, Newburyport, MA

August 23, 2013

Newbury looks to stall Pot clinics


---- — NEWBURY – The Planning Board is contemplating placing a temporary moratorium on the installation of medical marijuana treatment and dispensary centers in town.

Planner Martha Taylor said a proposed amendment to zoning bylaws, which voters may be asked to consider at a Special Town Meeting on Oct. 22, would give the town more time “to consider where and under what conditions to allow facilities associated with the use of medical marijuana” as permitted by state law.

Following last November’s ballot approval, The “Act for the Humanitarian Use of Medical Marijuana” went into effect Jan. 1 and the state’s public health regulations governing dispensaries and related uses became effective in May. This means Massachusetts law now allows the production, distribution and use of marijuana for medical purposes, with up to five registered marijuana distribution licenses soon to be available for Essex County.

“This moratorium will allow the town to study carefully the potential impacts of (Registered Marijuana Dispensaries) and related facilities and uses” on public health, safety and welfare, planners stated in a letter to selectmen dated Aug. 13. It will also provide time “to develop zoning and other applicable regulations that address the town’s concerns in the context of Newbury’s planning goals and objectives, “ planners wrote.

Last month a proposal by the non-profit corporation, Medical Evolution, to install a state-registered medicinal marijuana dispensary in commercial office space on Kent’s Way hit a snag when the landlord announced he had no intention of leasing his property for this purpose.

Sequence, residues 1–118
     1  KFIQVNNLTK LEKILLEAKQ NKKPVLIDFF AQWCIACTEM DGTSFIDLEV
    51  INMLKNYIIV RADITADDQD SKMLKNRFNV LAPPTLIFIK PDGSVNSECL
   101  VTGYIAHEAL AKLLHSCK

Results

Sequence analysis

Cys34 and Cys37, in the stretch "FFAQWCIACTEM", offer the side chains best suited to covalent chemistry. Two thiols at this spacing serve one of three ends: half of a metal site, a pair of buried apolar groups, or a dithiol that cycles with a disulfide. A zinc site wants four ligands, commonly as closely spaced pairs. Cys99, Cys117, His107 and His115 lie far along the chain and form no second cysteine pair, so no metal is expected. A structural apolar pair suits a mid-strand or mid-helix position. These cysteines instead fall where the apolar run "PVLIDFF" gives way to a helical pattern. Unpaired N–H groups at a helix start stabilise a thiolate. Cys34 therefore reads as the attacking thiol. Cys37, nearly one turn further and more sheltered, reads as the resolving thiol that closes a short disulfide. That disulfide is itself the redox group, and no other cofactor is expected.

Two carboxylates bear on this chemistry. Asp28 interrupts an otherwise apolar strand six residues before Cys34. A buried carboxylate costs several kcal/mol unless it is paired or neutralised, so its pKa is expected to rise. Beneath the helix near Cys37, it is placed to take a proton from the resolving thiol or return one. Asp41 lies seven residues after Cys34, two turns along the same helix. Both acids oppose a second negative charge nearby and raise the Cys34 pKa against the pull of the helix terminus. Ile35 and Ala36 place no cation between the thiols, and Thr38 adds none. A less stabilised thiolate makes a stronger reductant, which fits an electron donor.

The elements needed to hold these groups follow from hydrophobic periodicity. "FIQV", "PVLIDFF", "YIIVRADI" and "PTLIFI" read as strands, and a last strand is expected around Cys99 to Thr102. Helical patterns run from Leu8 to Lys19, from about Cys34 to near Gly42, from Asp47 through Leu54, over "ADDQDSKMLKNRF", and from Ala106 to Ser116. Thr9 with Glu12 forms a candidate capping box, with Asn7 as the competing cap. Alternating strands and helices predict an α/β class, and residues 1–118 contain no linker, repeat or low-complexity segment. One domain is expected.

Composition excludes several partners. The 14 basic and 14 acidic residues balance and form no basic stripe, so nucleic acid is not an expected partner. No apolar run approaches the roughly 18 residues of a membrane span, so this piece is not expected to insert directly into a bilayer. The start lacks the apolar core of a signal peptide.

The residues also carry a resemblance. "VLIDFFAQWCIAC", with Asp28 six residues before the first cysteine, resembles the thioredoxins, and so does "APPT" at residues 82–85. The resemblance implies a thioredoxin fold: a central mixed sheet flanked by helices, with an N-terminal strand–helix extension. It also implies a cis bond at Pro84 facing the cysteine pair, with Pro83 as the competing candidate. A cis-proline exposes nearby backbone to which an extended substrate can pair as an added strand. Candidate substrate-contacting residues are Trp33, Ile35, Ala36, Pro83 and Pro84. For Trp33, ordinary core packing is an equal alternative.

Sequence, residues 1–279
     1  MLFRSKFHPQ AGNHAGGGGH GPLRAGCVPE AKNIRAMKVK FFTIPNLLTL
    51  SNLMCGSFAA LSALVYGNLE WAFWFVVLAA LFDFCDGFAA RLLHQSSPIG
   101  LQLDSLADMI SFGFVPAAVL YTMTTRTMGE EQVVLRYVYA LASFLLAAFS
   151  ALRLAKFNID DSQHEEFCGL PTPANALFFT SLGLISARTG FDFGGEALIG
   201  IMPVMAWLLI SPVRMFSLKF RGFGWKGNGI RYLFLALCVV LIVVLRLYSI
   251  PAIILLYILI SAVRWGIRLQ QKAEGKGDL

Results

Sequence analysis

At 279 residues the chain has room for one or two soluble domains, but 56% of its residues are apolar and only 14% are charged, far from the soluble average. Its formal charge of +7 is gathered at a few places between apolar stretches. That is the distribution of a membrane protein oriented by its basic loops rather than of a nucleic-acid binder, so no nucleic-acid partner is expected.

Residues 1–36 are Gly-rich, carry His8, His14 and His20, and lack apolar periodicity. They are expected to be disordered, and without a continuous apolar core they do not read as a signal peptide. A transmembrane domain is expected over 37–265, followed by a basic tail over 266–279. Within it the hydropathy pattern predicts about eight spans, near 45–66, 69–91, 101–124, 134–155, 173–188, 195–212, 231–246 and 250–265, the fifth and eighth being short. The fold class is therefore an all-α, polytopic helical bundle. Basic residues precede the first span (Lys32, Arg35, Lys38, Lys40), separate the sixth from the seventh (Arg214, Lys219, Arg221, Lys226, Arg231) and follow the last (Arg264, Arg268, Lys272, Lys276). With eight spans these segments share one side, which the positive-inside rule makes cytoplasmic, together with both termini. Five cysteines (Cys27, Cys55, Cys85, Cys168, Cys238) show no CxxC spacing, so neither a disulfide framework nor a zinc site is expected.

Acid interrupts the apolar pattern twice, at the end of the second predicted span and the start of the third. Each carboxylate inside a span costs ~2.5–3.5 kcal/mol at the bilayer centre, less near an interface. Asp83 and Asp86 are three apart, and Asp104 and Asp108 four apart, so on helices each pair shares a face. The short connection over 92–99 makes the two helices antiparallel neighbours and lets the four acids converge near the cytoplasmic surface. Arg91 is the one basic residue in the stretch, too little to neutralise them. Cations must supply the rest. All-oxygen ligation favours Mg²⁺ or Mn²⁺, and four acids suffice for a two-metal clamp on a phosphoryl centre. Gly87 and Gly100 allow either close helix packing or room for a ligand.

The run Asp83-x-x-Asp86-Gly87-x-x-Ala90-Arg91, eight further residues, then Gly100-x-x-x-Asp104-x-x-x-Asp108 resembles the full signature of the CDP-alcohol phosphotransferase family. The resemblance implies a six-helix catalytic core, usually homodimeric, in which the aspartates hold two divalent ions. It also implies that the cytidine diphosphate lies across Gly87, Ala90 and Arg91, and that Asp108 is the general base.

Medical Evolution is slated to make a presentation at a selectmen’s meeting in Georgetown on August 26 on the possible installation of a medical marijuana cultivation center at an industrial building on Jackman Street. If approved, the cultivation center would grow, harvest and process the marijuana, which includes curing, drying and packaging the substance grown within the secure walls of a 6,000 to 10,000 square foot building. Officials there have also scheduled a public hearing on a proposed zoning bylaw relating to the siting of medical marijuana-related businesses in town at Town Hall on Aug. 28.

In Newbury, selectmen agreed on Tuesday to refer the proposed amendments back to the Planning Board for a public hearing.

A second zoning bylaw amendment – to correct an error in a Ground Mounted Solar Photovoltaic Installation bylaw adopted at the annual Town Meeting last spring -- will also be considered during the public hearing. The change involves reestablishing the Planning Board as the governing authority for review and approval of such installations, except in cases when the installation occupies two or more acres. Selectmen will remain the granters of special permits in those cases.

At the end of Tuesday’s open session, selectmen unanimously voted to go into executive session with Attorney Lisa Mead acting as town counsel. The stated purpose for the secret meeting was “to discuss strategy with respect to litigation because an open meeting may have a detrimental effect on the litigating position of this body.”

Michelle O’Brien, a representative from Sagestone consultants – the firm attempting to install solar arrays on a portion of the 72 acre Pikul Farm on Scotland Road – was present for the open session but did not go into executive session with the board. When Selectmen Chairman Joe Story inquired why she was at the meeting, O’Brien responded briefly that she thought there might be more discussion following the closed session. But selectmen opted to come out of the private meeting only to adjourn for the night.

In May, Sagestone appealed a decision by selectmen to deny its request for a special permit to allow the solar project. The international renewable energy company is seeking a judicial review to allow it to develop and operate a three-megawatt solar electric array on 16 acres leased from Donna and Gene Pikul.